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Picking Up PC's

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Quickly Obsolete Electronics Recycled

On Christmas morning, millions of Americans took the wrappings off spanking new, faster than ever personal computers, fancy fax machines, electronic game stations, cell phones and all manner of high-tech toys. For many people, those were updated versions of equipment they already had and before Christmas dinner hit the table, the old PCs and other devices were unplugged and piled in the corner, fossils of the digital age.

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That has created a major problem in the United States. Tons and tons of high-tech junk - some experts say 75 percent of all the high-tech equipment made in the last 10 years - is piling up in landfills, attics and basements across the country.

Until now there has been no efficient way to dispose of most old electronic equipment, but efforts are under way to capture and recycle old computers and other electronic gear. Old computer systems are being updated and resold; others are dismantled and the metals and plastics recycled. Some firms have begun to offer simple ways to upgrade older PCs, and others are working to develop new technology that is easily updated, or taken apart and recycled.

The pace of innovation not only drives the development of technology, but also the increasingly rapid obsolescence of PCs and other electronic gear. Some experts estimate that a new PC purchased this year will be overtaken by better technology within 18 months.

"We are getting better at making machines that last longer and longer, but because technology is moving so fast, they become obsolete long before they wear out," said Nabil Nasar, director of the National Center for Remanufacturing and Resource Recovery at the Rochester Institute of Technology. "This is a serious problem" he said. "There are a lot of products not only creating a problem with pollution, but you're also taking up lots of natural resources."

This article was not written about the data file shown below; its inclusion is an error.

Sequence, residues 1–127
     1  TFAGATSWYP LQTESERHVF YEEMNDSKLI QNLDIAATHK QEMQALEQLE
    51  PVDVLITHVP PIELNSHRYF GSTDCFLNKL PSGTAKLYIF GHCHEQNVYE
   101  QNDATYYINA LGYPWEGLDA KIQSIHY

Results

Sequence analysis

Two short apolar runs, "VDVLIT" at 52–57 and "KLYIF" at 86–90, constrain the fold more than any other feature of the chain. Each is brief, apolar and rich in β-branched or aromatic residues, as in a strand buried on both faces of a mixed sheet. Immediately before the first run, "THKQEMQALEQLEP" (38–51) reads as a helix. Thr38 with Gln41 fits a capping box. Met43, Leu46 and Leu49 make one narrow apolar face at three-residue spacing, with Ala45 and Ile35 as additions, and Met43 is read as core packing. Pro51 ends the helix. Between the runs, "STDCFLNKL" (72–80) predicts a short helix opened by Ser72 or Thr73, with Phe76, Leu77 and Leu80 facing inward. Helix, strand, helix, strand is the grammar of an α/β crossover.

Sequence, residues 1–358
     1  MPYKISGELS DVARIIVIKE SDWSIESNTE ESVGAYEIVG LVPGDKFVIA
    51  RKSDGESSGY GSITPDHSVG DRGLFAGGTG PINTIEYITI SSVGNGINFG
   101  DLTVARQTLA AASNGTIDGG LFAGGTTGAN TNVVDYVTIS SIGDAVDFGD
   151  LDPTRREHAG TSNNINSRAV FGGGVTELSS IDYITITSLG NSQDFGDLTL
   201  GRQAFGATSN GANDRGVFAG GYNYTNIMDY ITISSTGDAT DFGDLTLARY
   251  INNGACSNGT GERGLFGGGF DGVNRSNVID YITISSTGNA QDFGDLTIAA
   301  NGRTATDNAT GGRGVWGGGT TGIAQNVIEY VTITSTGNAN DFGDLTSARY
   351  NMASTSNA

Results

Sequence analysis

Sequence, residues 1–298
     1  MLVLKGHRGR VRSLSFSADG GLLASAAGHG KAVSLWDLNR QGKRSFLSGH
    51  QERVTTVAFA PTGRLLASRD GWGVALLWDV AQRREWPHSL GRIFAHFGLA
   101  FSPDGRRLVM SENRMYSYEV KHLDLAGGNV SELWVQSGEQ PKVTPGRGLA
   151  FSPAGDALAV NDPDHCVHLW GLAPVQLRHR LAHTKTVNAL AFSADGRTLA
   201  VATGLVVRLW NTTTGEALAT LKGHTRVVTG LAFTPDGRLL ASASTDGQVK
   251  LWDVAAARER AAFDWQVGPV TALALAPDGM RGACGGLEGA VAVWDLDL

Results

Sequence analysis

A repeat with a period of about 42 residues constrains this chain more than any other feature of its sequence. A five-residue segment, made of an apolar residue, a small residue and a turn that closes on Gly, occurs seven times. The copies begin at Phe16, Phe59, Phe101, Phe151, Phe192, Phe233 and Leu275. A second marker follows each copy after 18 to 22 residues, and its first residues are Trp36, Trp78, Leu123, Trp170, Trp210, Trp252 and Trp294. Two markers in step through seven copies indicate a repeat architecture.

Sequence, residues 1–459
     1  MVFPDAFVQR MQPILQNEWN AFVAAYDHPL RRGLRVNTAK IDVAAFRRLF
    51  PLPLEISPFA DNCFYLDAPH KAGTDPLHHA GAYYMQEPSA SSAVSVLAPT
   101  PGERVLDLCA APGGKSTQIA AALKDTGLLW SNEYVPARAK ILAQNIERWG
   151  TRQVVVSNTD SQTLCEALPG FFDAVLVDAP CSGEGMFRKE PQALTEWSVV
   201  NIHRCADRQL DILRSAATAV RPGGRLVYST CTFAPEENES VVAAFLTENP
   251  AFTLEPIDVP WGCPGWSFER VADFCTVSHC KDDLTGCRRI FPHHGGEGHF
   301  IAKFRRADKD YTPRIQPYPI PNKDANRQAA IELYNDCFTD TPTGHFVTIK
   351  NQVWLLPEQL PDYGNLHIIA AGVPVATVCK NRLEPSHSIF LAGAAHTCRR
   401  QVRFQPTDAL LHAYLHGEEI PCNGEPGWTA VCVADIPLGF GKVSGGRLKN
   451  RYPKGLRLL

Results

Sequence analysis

Computer monitors have lead embedded in the glass to protect users from harmful radiation. Central processing units (CPUs) that contain the processing chip and disk drives have traces of toxic chemicals like mercury and chromium.

While some equipment can be donated to schools and charities, technology is advancing so quickly that even non-profit-organizations are spurning offers of older computers. And the problem is expected to get worse. According to National Safety Council estimate made in June, only 11 percent of the personal computer processors that becamse obsolet in 1998 were recycled and that by 2,002, about 3.4 million more PCs will become obsolete than will be shipped by manufacturers.

A growing number of companies are buying old computer equipment, primarily from businesses that replace technology every year or two, and upgrading the gear, or just refurbishing it and reselling it to people and companies that do not need the latest bells and whistles. Like other companies, Comdisco Inc. takes older computers with 133 megahertz and 166 megahertz processing chips and replaces them with faster processors and then sells those machines into a secondary market, said Michael Ross, and executive vice-president of the Rosemont, Calif.,-based technical services company. While he would not be specific about how much Comdisco makes reselling computers and other office electronics, Ross said that the business amounted to "tens of millions" of dollars.

In January a company called Powerleap, Inc. will start selling motherboards that can be plugged into the back of older computers to bring them up to present standards of processing speed, greater memory, larger hard drives and the latest in audio-visual performance. For less that $400, an old, sluggish antique can become a 500 megahertz machine with 128 megs of RAM.

But recycling computer parts remains difficult because there is not readily available system for people to use if they want to junk the old machines. Part of the problem with recycling most modern electronic equipment is the nearly univeral practice of using modular components that are practically impossible to take apart without damaging the machines. As part of her research into new designs, Stewart is looking into a rectro technology. "I'm thinking a lot about going back to screws," she said.


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